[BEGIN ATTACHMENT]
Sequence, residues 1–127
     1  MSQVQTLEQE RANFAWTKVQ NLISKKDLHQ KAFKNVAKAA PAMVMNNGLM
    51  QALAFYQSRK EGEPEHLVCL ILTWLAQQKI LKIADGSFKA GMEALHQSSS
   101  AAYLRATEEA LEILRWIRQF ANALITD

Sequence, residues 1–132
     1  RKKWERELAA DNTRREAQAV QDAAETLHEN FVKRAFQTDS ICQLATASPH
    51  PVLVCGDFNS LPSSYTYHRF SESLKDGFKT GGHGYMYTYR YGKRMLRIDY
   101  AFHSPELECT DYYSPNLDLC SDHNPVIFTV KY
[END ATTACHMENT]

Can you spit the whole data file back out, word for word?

Sequence, residues 1–127
     1  MSQVQTLEQE RANFAWTKVQ NLISKKDLHQ KAFKNVAKAA PAMVMNNGLM
    51  QALAFYQSRK EGEPEHLVCL ILTWLAQQKI LKIADGSFKA GMEALHQSSS
   101  AAYLRATEEA LEILRWIRQF ANALITD

Sequence, residues 1–132
     1  RKKWERELAA DNTRREAQAV QDAAETLHEN FVKRAFQTDS ICQLATASPH
    51  PVLVCGDFNS LPSSYTYHRF SESLKDGFKT GGHGYMYTYR YGKRMLRIDY
   101  AFHSPELECT DYYSPNLDLC SDHNPVIFTV KY